Synergistic and Inhibitory Effects of Aminopeptidase Peptides on Bacillus thuringiensis Cry11Ba Toxicity in the Mosquito Anopheles gambiae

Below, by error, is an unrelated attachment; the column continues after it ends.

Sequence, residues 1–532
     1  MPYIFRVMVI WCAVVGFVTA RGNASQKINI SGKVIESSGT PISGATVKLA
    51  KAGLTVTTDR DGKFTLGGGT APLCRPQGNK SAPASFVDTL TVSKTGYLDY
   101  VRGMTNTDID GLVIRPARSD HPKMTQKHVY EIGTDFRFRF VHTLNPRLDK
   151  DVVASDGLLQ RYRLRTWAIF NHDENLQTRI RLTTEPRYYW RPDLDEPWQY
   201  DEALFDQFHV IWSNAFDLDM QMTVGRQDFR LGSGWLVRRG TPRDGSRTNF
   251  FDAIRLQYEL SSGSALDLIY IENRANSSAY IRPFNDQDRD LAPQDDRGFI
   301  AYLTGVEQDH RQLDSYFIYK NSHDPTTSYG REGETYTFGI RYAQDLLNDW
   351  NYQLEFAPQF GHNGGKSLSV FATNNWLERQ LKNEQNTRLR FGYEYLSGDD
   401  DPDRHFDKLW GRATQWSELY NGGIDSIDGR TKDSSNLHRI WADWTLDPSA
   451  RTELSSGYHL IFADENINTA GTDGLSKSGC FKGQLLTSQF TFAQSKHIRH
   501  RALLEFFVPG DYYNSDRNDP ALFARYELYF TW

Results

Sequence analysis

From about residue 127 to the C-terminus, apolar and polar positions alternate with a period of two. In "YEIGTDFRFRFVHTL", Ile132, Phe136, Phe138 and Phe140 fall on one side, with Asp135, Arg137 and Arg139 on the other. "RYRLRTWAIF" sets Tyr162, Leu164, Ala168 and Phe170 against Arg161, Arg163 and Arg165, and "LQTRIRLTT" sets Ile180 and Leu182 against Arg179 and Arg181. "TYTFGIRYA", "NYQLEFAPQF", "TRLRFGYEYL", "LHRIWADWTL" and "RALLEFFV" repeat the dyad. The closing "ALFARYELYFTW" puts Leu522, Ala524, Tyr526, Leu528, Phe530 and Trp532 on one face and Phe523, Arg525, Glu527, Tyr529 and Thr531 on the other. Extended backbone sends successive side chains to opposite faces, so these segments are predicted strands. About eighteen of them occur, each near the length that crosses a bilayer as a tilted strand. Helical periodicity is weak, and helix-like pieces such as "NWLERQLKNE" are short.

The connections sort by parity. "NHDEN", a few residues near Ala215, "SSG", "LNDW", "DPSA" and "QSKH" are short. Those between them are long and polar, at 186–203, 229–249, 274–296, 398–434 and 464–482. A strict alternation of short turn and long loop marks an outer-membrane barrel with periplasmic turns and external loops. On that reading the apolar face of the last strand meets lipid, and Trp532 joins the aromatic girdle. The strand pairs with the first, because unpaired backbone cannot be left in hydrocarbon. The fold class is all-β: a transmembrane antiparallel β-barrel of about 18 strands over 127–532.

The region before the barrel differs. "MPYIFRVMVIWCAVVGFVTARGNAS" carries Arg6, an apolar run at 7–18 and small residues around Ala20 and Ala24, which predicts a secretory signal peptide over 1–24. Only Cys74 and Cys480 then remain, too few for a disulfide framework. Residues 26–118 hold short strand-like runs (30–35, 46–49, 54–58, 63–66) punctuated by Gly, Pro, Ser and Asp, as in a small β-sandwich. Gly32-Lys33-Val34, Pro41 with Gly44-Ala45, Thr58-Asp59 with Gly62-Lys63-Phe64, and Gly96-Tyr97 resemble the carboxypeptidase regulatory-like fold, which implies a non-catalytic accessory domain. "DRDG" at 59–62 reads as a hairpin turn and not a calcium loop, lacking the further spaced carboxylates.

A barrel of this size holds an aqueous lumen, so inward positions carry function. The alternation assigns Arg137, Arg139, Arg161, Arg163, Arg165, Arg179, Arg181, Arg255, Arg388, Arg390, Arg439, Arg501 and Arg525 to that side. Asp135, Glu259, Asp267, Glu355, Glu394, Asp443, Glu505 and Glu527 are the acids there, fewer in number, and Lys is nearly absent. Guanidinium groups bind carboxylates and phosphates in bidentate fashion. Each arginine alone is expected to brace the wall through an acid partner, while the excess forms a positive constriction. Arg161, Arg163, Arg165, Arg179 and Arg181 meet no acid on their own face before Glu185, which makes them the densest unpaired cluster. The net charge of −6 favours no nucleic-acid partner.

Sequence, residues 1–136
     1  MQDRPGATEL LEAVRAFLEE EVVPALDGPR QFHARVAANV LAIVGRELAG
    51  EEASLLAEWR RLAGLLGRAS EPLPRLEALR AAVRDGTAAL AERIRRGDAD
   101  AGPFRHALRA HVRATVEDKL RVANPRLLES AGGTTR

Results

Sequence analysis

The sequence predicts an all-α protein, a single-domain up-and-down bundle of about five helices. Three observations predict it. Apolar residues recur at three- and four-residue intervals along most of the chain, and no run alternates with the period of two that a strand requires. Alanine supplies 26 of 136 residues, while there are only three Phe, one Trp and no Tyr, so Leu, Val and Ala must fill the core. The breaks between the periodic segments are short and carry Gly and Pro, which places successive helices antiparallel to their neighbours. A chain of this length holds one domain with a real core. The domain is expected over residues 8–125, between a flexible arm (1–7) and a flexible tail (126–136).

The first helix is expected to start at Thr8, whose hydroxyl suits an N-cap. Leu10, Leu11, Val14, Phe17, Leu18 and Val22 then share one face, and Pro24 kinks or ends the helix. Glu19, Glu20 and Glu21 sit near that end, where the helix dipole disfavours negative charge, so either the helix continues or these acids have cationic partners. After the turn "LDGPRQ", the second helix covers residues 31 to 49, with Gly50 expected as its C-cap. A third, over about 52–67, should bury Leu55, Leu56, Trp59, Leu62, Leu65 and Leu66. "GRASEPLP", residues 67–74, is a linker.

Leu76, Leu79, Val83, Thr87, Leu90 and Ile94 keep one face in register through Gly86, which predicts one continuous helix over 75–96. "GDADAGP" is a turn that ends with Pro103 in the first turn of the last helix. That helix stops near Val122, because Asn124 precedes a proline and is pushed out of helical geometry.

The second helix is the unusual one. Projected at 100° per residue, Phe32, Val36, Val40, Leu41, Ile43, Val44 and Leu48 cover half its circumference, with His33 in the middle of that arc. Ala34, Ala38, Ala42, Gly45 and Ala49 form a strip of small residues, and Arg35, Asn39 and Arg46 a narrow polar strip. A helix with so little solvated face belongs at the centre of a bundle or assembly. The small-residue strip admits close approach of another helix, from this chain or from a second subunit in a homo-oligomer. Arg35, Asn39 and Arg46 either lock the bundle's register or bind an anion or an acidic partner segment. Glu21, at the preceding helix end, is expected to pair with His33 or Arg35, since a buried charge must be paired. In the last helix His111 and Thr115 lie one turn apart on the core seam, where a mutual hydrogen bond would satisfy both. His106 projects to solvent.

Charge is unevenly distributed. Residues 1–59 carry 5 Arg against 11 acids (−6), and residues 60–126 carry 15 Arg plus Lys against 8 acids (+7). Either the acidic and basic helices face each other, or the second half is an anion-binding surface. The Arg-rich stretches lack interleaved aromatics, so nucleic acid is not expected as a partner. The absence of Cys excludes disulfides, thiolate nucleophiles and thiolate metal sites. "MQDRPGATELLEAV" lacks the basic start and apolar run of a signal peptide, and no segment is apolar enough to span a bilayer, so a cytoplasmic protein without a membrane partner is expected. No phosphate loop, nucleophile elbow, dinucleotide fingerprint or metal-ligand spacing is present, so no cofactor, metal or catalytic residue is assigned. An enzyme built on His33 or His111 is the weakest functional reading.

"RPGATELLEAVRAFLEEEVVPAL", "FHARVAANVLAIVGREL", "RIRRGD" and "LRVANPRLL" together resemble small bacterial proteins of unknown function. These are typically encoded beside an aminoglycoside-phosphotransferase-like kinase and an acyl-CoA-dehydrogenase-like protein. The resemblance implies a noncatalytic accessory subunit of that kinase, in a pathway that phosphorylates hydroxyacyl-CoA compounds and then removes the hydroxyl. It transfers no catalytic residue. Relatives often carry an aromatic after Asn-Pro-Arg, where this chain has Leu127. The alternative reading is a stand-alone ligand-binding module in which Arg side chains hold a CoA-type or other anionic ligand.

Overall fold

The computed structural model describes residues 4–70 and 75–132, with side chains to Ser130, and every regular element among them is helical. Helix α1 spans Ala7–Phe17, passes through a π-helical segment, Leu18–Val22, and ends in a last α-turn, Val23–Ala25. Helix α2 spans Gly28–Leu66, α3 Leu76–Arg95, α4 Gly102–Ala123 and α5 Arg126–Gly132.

Cry11Ba produced by Bacillus thuringiensis subsp. jegathesan is an active toxin for larvae of the mosquito Anopheles gambiae. A 106-kDa aminopeptidase N (APN), called AgAPN2, was previously identified as a Cry11Ba receptor in A. gambiae. A 70-kDa fragment of AgAPN2 expressed in Escherichia coli binds Cry11Ba with high affinity (K(d) = 6.4 nM) and inhibits Cry11Ba activity by 98% in bioassays [Zhang et al. (2008) Biochemistry 47, 11263-11272]. To identify regions involved in toxicity, we truncated the 70-kDa APN fragment into peptides of 28- and 30-kDa ta and tb, respectively, and tested their abilities to mediate toxicity and bind Cry11Ba. While AgAPN2ta reduced Cry11Ba toxicity by 85%, AgAPN2tb showed a significant enhancement effect on Cry11Ba toxicity. The purified peptides showed evidence of structural folding and bound the same site(s) on Cry11Ba with high affinity. The inhibitory AgAPN2ta blocked Cry11Ba binding to brush border membrane vesicles (BBMV) of A. gambiae whereas the toxicity enhancing AgAPN2tb increased Cry11Ba binding on BBMV. A deletion at the N-terminus ((336)S-P(420)) of AgAPN2ta significantly reduced AgAPN2ta binding to Cry11Ba and its inhibitory effect. Deletion of the central region ((676)I-W(760)) of AgAPN2tb eliminated its increased toxin binding and toxicity enhancement effect without affecting Cry11Ba binding. A "bridge" model is proposed for AgAPN2tb action whereby the peptide binds Cry11Ba and vectors it to sites on the larval midgut.